Sunglasses for Snow Sports
Lightness, security and comfort are essential in protective eyewear. The best sunglasses and goggles for downhill skiing and snowboarding offer all three.
Sunglasses should provide maximum protection against UV rays, a danger on the slopes where light is magnified and reflected by snow. Look for polarized or mirror coatings and amber tints, which are easy on eyes, enhance contrast and minimize glare.
Some goggles can be customized with your prescription, eliminating the need to wear glasses underneath. For long-lasting comfort and reduced eye strain, choose pairs with a wide peripheral view and snug shape. Water-resistant padding will wick away moisture and prevent straps from irritating the scalp, while side vents keep lenses fog free. Frames with removable foam and temples offer the best of both worlds-the superior protection of goggles and unbeatable lightness of sunglasses.
Winter Sports and UV Exposure - Myths vs. Facts
Because the sun is weaker in the winter, my eyes are safe from overexposure to UV rays.
Every day - whether it is sunny or cloudy, and despite the season - we are exposed to ultraviolet (UV) radiation from the sun. UV radiation can't be seen or felt, and over time, it has a damaging effect on eyes.
Unprotected exposure to UVA and UVB radiation can lead to serious health issues including damage to eyes and skin cancers. Even during the winter it is important to always protect your eyes by wearing sunwear that provides UVA/UVB protection.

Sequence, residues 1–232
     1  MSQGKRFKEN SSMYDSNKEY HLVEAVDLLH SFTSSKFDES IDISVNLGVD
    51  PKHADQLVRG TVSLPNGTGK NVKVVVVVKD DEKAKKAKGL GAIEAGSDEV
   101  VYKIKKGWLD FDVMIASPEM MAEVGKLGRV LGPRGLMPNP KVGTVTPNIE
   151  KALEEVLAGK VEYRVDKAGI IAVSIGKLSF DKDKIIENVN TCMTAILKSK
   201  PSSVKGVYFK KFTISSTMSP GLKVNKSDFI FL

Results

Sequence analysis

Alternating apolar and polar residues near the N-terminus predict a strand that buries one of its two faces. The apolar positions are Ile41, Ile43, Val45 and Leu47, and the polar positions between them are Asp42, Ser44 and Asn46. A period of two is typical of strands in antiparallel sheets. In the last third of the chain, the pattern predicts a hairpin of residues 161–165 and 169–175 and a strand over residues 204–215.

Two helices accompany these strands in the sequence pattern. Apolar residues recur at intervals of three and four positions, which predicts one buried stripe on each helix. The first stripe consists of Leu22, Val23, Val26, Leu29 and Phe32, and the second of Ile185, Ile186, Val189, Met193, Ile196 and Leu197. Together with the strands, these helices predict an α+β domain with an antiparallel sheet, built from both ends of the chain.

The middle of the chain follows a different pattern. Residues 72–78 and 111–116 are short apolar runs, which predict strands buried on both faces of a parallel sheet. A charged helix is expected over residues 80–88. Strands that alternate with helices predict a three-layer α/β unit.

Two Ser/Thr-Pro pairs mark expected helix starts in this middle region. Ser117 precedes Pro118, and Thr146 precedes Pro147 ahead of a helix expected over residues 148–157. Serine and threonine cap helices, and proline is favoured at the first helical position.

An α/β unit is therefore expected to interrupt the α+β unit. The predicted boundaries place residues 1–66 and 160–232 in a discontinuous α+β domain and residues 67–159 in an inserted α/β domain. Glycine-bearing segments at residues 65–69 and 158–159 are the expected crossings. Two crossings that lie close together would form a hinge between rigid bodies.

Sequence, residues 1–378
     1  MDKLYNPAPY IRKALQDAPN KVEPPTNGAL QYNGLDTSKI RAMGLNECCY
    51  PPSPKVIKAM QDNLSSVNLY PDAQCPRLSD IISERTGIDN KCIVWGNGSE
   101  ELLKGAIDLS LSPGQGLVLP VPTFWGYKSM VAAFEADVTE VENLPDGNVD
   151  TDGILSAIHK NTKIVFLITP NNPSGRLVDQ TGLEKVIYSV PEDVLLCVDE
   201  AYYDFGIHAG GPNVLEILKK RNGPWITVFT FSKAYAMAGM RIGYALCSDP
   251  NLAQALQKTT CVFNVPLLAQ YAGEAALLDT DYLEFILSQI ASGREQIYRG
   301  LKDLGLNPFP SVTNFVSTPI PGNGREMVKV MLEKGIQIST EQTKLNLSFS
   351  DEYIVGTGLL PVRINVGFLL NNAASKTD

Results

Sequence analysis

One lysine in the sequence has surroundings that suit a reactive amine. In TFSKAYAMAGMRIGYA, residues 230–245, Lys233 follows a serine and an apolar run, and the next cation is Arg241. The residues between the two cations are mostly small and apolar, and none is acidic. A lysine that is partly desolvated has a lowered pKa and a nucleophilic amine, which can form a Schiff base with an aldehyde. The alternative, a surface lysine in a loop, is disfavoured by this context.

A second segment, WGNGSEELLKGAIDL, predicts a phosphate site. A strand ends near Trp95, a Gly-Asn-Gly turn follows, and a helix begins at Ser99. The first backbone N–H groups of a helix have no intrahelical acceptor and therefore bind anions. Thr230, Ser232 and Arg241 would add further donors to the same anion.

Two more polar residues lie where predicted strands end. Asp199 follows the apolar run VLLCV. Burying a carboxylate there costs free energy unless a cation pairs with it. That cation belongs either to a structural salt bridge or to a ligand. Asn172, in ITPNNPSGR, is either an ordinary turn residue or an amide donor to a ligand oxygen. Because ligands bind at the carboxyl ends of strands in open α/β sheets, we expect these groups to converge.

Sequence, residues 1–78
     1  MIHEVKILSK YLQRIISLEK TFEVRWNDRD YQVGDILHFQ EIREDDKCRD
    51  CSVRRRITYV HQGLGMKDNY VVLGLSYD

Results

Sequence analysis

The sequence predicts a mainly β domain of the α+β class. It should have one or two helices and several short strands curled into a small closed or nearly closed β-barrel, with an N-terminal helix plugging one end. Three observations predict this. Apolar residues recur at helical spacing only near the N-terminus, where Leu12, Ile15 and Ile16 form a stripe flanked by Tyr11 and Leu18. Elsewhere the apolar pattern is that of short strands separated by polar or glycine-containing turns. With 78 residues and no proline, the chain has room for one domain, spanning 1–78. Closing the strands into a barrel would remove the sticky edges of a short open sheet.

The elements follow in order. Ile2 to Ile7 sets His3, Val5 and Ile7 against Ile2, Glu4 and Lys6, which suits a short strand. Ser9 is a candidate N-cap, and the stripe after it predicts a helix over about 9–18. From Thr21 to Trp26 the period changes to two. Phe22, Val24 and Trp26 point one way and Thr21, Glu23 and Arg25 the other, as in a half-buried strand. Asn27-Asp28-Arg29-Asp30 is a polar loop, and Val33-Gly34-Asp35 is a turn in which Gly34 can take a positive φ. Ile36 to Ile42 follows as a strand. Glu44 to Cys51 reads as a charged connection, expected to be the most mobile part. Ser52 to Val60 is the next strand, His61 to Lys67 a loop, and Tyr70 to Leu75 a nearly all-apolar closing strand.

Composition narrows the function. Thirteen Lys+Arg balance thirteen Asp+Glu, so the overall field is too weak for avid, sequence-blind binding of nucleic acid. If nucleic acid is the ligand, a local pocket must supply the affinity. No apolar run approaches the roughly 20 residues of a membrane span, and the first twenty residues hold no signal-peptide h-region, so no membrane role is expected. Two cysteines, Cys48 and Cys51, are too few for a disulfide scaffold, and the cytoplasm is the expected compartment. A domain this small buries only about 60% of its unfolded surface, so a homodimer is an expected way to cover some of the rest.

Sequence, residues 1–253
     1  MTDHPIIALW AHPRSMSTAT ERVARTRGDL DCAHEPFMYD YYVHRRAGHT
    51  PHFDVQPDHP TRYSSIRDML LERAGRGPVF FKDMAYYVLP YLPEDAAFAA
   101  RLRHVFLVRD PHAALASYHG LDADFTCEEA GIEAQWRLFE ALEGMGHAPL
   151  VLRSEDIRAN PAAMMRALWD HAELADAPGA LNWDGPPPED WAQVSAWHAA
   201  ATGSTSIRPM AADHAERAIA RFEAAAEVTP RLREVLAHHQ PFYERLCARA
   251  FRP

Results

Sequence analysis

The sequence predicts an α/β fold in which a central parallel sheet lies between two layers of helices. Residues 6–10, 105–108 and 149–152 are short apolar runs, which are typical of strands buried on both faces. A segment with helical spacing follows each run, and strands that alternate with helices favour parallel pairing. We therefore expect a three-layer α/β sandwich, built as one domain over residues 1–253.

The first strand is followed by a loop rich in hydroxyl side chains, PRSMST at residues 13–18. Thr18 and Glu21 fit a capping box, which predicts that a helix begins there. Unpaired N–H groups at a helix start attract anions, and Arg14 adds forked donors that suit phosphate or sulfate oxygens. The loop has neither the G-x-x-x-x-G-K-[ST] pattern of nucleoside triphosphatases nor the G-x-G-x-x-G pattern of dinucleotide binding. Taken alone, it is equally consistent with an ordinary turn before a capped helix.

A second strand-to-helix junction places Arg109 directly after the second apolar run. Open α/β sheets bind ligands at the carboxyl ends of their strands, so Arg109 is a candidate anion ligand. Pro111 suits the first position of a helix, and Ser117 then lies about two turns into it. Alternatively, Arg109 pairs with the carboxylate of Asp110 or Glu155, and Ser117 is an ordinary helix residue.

I don't need to protect my skin or eyes from the effects of UV rays when participating in outdoor winter sports activities.
With the sun's force reduced in the winter, people tend to forget about the dangers of UV exposure. Protecting your eyes with appropriate sunwear/sports protective eyewear is essential to safely enjoying winter sports and outdoor activities and can also help you perform your best. Polycarbonate sports eyewear is specifically designed to protect and enhance the performance of the athlete, and polycarbonate sunwear will protect the eyes from harmful UV rays.
Winter sports in which there is an increased danger for UV exposure and risk to the eyes include: Skiing, sledding, outdoor ice hockey and figure skating, snowboarding and snowmobiling. Participants in these sports should wear wraparound sunglasses or goggles with polycarbonate lenses.
The best way to protect my eyes is to avoid outdoor winter sports activity altogether.
There is no need to give up the winter activities you enjoy. Wearing appropriate sports protective eyewear with polycarbonate lenses will protect your eyes, and you can limit winter UV exposure even more with wraparound sunglasses or goggles that block UV rays.
If it's cold enough for snow and ice, the sun's UV rays aren't strong enough to damage my eyes.
Fresh snow reflects nearly 80 percent of UV radiation, and UV rays can bounce back off of frozen water, hitting the skin twice. And even when it's overcast the amount of reflected light can be magnified so that your eyes are at risk.
Skiers, snowboarders, ice skaters and others engaged in snow or ice sports should take special care. Wear sunglasses or goggles, and apply sunscreen with an SPF of at least 15. Remember to protect areas that could be exposed to UV rays by the sun's reflection, including under the chin and nose.
In the mountains, I should be more concerned with wearing the proper clothing to stay warm than with protecting my vision.
At high altitudes, thinner air allows for the passage of even more light. UV radiation goes up 3% for every 400 meters (about 1,312 feet) of altitude. Plus, about 80% of UV light is reflected by snow and from clouds on overcast days. This could mean a double dose of exposure, so it is important to always protect your eyes by wearing wraparound sunglasses or goggles.